Operational history

The complexity of the design caused a series of setbacks, notably an explosion during ground tests of the Spectre rocket engine. The SR.53's's first flight began to fall further and further behind schedule. On 16 May 1957, Squadron Leader John Booth DFC was at the controls of XD145 for the first test flight, following up with the maiden flight of the second prototype XD151, on 6 December 1957.[5] Test results indicated " extremely docile and exceedingly pleasant aircraft to fly, with very well harmonized controls."[4] Both prototypes flew a total of 56 test flights, with Mach 1.33 speeds being obtained.[3]

While testing at RAE Boscombe Down, XD151 crashed on 5 June 1958 during an aborted takeoff on its 12th flight. Running off the runway, the aircraft struck a concrete approach light, exploding on impact and killing its pilot, Squadron Leader Booth.[9] The remaining prototype continued to fly with Lt Cdr Peter Lamb taking over the flight test programme.[3]


It was 1957 before the first SR.53 took to the air,[2] just over a month after the infamous 1957 Defence White Paper had been published outlining the British government's policy to largely abandon piloted aircraft in favour of concentrating on missile development. At the same time, jet engine development had progressed a long way in the six years since the SR.53's initial design. Combined with the fact that improvements in radar had meant that any incoming bomber threat could be detected much earlier, the need for an aircraft like the SR.53 had disappeared, and the project was cancelled on 29 July 1960, with the third prototype (XD153) never built.[3]

Aircraft on display

The first SR.53 prototype, XD145, is preserved at the Royal Air Force Museum Cosford near Wolverhampton.[10]


 United Kingdom


Data from The British Fighter since 1912[11]

General characteristics

  • Crew: One, pilot
  • Length: 45 ft 0 in (13.72 m)
  • Wingspan: 25 ft 1½ in (7.66 m)
  • Height: 10 ft 10 in (3.30 m)
  • Wing area: 274 ft² (25.5 m²)
  • Airfoil: RAE102
  • Empty weight: 7,400 lb (3,360 kg)
  • Loaded weight: 18,400 lb (8,360 kg)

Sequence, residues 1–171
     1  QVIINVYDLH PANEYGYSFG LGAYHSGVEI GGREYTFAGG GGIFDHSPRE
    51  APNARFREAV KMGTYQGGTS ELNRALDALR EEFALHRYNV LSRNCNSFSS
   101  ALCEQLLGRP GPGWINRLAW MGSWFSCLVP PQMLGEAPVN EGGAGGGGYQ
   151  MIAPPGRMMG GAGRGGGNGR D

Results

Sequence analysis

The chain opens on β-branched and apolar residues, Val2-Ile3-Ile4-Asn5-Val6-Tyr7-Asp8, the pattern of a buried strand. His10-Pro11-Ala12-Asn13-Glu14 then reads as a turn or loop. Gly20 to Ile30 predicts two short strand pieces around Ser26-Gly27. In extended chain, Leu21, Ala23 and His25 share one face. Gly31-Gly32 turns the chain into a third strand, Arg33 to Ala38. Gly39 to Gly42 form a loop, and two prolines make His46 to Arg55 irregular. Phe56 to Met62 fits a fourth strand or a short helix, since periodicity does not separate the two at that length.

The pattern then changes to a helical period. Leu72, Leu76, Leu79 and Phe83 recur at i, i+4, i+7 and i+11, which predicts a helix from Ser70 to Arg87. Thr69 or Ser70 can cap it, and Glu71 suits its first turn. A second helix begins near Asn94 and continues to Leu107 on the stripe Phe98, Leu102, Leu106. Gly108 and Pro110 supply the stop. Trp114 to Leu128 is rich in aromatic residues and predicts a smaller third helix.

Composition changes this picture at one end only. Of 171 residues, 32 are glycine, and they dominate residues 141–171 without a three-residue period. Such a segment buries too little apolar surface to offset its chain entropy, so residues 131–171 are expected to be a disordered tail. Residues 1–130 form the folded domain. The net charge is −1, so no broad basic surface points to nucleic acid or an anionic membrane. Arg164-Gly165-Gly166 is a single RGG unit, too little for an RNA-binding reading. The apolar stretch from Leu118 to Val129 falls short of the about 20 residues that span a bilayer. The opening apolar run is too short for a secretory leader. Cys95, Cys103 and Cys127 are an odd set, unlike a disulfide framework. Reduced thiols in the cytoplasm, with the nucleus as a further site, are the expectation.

• Powerplant:
    • 1 × Armstrong Siddeley Viper 8 turbojet, 1,640 lb (7.3 kN)
    • 1 × de Havilland Spectre rocket, 8,000 lbf (35.7 kN)


  • Maximum speed: Mach 2.2
  • Endurance: 7 minutes at full power[citation needed]
  • Service ceiling: 67,000 ft (20,420 m[12])
  • Rate of climb: 52,800 ft/min (270 m/s) : 2 min 12 sec from brakes to 50,000 ft
  • Wing loading: 67.2 lb/ft² (328 kg/m²)
  • Thrust/weight (jet): 0.52


See also



  1. Wood 1986, p. 57.
  2. 2.0 2.1 "Mixed Power Intercepter." Flight, 24 May 1957, pp. 697–700.
  3. 3.0 3.1 3.2 3.3 London 2010, p. 34.
  4. 4.0 4.1 4.2 London 2010, p. 29.
  5. 5.0 5.1 London 2010, p. 31.
  6. Winchester 2005, p. 223.
  7. London 2010, p. 30.
  8. Jones 1994, pp. 35, 38.
  9. Winchester 2005, p. 222.
  10. "Saunders-Roe SR53 ." Retrieved: 8 August 2010.
  11. Mason 1992, p. 401.
  12. McPhee, Andrew. "Lost Classics - Saunders-Roe SR.53 and SR.177." Retrieved: 8 August 2010.


  • Jones, Barry. "Saro's Mixed Power Saga". Aeroplane Monthly, November 1994, Vol 22 No 11 Issue 259. pp. 32–39. London:IPC. ISSN 0143-7240.
  • London, Pete. "Saunders-Roe's Rocket Fighters." Aircraft, Vol. 43, no. 7, July 2010.
  • Mason, Francis K. The British Fighter since 1912. London: Putnam, 1992. ISBN 1-55750-082-7.
  • Winchester, Jim. "TSR.2." Concept Aircraft: Prototypes, X-Planes and Experimental Aircraft. Kent, UK: Grange Books plc., 2005. ISBN 978-1-84013-809-2.
  • Wood, Derek. Project Cancelled: The Disaster of Britain's Abandoned Aircraft Projects. London, UK: Jane's, 2nd edition, 1986. ISBN 0-7106-0441-6.

External links